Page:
See update for January 9, 2021, at end of post.
Nearly two months after the fact, Donald Trump’s surrogates are still trying to overturn the election. Still. The latest is a lawsuit claiming that the Electoral Count Act unconstitutionally ties the vice president’s hands in choosing which electoral college votes to count. Read more →
See updates through January 14, 2021, at end of post.
I remember, out in California, talking to a psychologist friend about Donald Trump. Neither of us could imagine he would last a full four years in office.
My friend noted, correctly as it turned out, that Trump wasn’t actually interested in being president so much as in the attention that winning the presidency had gained him, but thought Trump would find a way to resign or step aside. Read more →
See updates through June 4, 2021, at end of post.
The idea of a general strike has come up before. It’s always fizzled and it’s important to be clear about why it fizzled and why it might not this time. Read more →
See updates through October 16, 2021, at end of post.
Imagine you have a pandemic. Imagine that lockdowns meant to limit the spread of that pandemic cause millions to lose their jobs. Imagine that these people have lost their health insurance. Imagine that many of these millions of people remain unemployed, face eviction and homelessness. Imagine that many of these people will move in with relatives and friends, increasing housing density, increasing the opportunity for the virus to spread. Read more →
See updates through September 15, 2021, at end of post.
Over the years, indeed since my public speaking class, back when I first returned to school in 2003, I have repeatedly argued that the United States is beset by irreconcilable differences, that as difficult as it is to conceive, a national divorce is the only sane way out. In that time, polarization has only intensified. This now culminates in a sometimes violent disagreement over who won an election that occurred a month and a half ago. It’s not even seriously that the fact of the outcome is in dispute, but rather what the outgoing president and his followers desperately want to believe. Read more →
I don’t know if anybody even remembers the Iowa Democratic Caucus fiasco, in which folks wondered if we were ever going to get a count. It stirred a lot of suspicion at the time.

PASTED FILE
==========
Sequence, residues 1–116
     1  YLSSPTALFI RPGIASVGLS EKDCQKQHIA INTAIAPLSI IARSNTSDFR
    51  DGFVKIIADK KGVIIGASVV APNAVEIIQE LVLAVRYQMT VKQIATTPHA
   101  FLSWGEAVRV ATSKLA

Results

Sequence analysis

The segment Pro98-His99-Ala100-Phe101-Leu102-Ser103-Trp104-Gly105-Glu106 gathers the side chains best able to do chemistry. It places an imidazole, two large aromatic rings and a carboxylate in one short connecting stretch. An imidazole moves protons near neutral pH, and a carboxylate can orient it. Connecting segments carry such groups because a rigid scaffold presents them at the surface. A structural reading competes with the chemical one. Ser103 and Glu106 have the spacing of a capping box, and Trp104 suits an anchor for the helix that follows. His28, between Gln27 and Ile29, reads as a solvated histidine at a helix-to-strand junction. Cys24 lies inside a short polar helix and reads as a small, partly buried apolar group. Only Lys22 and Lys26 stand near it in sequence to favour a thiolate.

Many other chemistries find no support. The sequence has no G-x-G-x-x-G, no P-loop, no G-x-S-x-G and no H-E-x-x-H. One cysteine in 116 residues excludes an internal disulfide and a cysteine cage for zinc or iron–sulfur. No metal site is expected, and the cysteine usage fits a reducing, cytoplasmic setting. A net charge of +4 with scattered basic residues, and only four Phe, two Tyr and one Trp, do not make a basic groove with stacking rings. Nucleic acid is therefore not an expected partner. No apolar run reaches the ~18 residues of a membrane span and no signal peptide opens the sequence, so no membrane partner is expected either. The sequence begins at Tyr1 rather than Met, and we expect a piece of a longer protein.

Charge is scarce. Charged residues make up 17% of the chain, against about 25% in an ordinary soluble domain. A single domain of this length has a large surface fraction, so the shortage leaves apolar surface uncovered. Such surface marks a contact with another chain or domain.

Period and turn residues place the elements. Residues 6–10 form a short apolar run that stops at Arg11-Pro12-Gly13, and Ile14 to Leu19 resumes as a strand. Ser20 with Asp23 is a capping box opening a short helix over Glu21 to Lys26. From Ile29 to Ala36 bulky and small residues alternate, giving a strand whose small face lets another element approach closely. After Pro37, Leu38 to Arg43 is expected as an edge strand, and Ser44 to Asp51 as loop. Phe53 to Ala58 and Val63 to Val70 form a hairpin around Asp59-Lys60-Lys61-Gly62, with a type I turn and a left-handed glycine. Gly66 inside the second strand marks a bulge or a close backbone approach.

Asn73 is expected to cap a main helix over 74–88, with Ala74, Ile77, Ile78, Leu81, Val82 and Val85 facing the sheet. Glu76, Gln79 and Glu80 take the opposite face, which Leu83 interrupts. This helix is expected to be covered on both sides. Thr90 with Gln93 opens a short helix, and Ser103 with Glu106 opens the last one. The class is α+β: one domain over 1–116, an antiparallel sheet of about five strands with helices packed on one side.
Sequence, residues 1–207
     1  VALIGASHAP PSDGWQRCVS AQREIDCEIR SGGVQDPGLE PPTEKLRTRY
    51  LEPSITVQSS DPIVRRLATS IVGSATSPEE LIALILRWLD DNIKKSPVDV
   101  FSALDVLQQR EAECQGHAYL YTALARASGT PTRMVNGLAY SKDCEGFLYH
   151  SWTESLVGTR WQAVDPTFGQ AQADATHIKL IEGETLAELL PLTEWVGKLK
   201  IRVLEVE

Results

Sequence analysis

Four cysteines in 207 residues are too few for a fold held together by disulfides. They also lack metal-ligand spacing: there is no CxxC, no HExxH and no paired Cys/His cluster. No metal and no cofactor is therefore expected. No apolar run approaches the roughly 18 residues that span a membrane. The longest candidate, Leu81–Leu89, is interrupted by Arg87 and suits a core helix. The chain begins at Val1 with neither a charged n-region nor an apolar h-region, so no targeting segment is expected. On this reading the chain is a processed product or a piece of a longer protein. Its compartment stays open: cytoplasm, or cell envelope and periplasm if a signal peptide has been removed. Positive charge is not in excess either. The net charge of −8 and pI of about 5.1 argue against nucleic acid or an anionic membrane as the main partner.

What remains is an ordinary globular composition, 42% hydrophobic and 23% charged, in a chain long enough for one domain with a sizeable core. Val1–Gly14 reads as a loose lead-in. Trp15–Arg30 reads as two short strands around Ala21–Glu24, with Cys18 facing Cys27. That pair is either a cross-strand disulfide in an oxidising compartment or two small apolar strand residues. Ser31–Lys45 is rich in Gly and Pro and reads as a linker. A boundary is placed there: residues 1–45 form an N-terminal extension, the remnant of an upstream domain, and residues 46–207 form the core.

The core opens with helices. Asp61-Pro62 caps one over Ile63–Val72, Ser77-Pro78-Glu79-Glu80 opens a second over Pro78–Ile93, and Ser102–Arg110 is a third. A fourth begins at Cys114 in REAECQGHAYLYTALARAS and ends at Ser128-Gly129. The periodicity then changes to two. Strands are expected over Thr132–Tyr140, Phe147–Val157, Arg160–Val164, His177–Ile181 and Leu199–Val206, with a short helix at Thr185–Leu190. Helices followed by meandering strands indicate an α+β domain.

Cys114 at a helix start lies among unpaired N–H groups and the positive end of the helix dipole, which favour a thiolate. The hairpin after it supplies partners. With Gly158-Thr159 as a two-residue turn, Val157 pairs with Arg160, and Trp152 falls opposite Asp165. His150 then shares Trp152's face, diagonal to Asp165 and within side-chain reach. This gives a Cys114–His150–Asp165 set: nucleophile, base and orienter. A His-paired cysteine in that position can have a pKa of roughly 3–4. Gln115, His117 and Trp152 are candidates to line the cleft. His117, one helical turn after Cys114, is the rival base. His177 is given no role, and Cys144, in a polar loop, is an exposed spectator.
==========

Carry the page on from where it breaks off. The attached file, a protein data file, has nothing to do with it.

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See update for March 14, 2021, at end of post.
When I was a kid, the holiday season was a time for displays of generosity. We knew who the villain was, even if the story was about his redemption, in Charles Dickens’ A Christmas Carol.
This year, millions face homelessness, hunger, destitution. The politicians do nothing. They omit the “Bah, Humbug!” But like Ebenezer Scrooge, they say, keep working. As if those millions had jobs. Read more →
It seems like more people have more Christmas decorations up this year, as if they are trying desperately to lighten the mood of an utterly foul year, in which we have been beset by a pandemic that Donald Trump tried to minimize but is afflicting more people than ever and overwhelming more hospitals than ever, in which Trump lost an election but is desperately attempting to overturn the results, and the Black Lives Matter movement which seemed to hold such promise has simply sputtered out. Read more →
In what has to be seen as a desperate bid to become profitable—“[t]he company has promised to be profitable on an adjusted basis before interest, taxes, depreciation and amortization by the end of next year”—Uber has sold its self-driving car unit. I don’t know any accountants myself, but of course that promise, with those exclusions, has to have them rolling their eyes hard, if not howling on the floors in laughter, because all of those are real costs and there is no rational basis for excluding them. Skepticism that the company will ever be profitable is longstanding. Read more →
An aspect of Human Science I discuss less often is a notion that, as human scientists, we are supposed to be not just scholars, but scholar-activists. And to this end, a part of my Ph.D. program curriculum, involved social movement theory. Bill Moyer’s (yes, this is the correct spelling for the name of a different fellow from the the Public Broadcasting System celebrity) “MAP model” describes a circuitous, iterative method for social movements in which a need is identified, stated, and rebuffed; something happens that compels change; and elites grudgingly allow a minimal change in that needed direction. Getting to where we actually need to be can take a very long time—decades or centuries—involving several iterations and requiring infinite patience. Read more →